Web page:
Saturday, April 14, 2007

Delusions of skill and of grandeur

Industry pundits like Guy Kawasaki, Michael Arrington, and other respected, successful people who have achieved fame and fortune dismissed Smalltalk in the 70s and 80s. Virtual machines? Garbage collection? Integrated development environments? Clearly, this had no place in business computing. You know why? Too slow. Too weird. And, actually, too innovative for their pea-brains to recognize the significance of. Respected industry pundits knew that serious business computing had to be done using serious systems programming languages like C, assembly language, or C++. Now no one would think of developing a business application that has to be rapidly brought to market in a language that wasn’t garbage-collected, and, if at all possible, dynamically typed. What was useless academic research is now common sense. Now Ruby, an interesting rehash of Smalltalk ideas into a form more palatable to people used to C-style syntax, is the shit for creating web applications and enterprise integration.

Arrington and the rest of the Web 2.0 echo chamber nitwits think they know what’s innovative and where things are going. They don’t and they never have. They have no appreciation of the fact that they owe their entire careers to the work of people in academic and industry labs. The TCP/IP stack and the Internet; GUIs, the WIMP interface, and pointing devices; IDEs; garbage collection; virtual machines; relational databases; dynamic typing (Michael Arrington doesn’t know what many of those things actually are, of course); all of this comes from people with PhDs at places like Berkeley, MIT, IBM, and Xerox. When they create it, it is useless and worthless. Twenty years later, navel-gazing pundits like Michael Arrington are confronted by the fact that they have become essential in creating computer software. It then becomes common sense and it’s perfectly OK to take credit for the things done in labs by forgotten names long ago.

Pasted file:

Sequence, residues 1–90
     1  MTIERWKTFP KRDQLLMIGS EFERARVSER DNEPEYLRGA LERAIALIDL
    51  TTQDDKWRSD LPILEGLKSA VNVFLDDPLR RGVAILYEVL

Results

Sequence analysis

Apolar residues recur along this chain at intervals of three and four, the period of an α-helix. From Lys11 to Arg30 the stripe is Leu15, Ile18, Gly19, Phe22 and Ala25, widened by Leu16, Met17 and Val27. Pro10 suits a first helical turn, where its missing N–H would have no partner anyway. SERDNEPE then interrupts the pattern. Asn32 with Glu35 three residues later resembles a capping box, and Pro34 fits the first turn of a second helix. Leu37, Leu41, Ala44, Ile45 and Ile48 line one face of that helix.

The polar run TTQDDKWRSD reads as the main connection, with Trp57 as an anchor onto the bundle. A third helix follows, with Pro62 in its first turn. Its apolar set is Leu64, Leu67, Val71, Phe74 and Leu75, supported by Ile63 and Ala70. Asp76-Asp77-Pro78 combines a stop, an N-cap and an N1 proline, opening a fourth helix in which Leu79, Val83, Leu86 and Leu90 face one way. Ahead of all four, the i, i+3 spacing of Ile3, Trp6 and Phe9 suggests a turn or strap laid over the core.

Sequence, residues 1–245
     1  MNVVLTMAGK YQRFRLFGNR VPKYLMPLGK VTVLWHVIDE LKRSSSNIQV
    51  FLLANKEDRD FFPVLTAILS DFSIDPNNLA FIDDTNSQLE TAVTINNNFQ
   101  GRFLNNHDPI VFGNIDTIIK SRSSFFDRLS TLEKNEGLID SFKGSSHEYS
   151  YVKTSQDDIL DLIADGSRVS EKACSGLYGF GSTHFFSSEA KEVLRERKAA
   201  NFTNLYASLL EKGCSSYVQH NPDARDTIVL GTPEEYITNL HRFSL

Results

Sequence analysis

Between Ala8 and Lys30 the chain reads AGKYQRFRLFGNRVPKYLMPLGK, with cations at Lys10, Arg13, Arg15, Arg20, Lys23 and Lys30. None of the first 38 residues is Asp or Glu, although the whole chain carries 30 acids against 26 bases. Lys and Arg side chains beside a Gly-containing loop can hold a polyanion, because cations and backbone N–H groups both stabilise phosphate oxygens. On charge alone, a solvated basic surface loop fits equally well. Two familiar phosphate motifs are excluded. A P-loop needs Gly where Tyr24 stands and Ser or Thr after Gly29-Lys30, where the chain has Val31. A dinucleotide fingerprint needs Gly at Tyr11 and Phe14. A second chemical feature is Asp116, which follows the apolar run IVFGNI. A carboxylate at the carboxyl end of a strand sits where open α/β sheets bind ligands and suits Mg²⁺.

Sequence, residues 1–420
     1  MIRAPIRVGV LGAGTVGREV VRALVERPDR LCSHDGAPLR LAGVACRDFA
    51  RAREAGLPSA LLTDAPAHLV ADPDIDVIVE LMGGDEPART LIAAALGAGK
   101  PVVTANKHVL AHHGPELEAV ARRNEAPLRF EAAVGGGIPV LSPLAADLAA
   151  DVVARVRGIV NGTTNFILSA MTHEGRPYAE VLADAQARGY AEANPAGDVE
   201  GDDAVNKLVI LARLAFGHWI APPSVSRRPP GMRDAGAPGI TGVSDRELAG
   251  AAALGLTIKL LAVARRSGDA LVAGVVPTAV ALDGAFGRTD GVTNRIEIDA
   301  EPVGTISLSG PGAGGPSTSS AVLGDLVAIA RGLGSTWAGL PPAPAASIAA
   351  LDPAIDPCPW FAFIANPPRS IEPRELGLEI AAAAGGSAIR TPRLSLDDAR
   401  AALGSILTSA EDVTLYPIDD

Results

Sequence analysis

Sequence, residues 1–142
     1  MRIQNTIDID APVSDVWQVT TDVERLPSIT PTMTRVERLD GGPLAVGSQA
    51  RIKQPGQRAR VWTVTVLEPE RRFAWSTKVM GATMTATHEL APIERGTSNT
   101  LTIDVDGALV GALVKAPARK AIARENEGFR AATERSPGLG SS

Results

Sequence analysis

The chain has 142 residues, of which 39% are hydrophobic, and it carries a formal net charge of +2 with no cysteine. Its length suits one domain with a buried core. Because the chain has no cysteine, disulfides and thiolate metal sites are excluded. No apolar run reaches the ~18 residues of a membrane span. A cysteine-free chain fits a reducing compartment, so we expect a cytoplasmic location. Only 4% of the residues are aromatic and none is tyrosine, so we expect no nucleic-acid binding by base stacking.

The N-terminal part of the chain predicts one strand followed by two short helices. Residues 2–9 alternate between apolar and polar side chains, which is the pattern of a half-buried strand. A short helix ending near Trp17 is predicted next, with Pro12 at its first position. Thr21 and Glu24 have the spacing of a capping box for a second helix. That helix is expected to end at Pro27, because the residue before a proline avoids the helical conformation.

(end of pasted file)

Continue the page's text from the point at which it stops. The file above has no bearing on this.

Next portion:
Where is the praise for the real innovators like Alan Kay? Kay’s work with Smalltalk and human factors strongly influenced nearly everything we consider essential today. But Michael Arrington doesn’t care about Alan Kay or any of the other people responsible for the stuff that is now his livelihood. Does Alan Kay work at Google? Does he have a me-too startup with a faux-reflecty logo and an Ajax chat application in beta? No? Then forget him.

1 comment:

wpbarr said...

And Alan owes everything to Doug Engelbart and Dahl & Nygaard.